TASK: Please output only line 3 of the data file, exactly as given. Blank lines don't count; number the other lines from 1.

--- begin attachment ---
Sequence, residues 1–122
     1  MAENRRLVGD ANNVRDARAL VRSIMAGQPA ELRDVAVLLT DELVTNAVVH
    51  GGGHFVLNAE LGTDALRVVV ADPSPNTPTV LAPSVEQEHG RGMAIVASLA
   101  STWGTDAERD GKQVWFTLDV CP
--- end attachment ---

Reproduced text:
    51  GGGHFVLNAE LGTDALRVVV ADPSPNTPTV LAPSVEQEHG RGMAIVASLA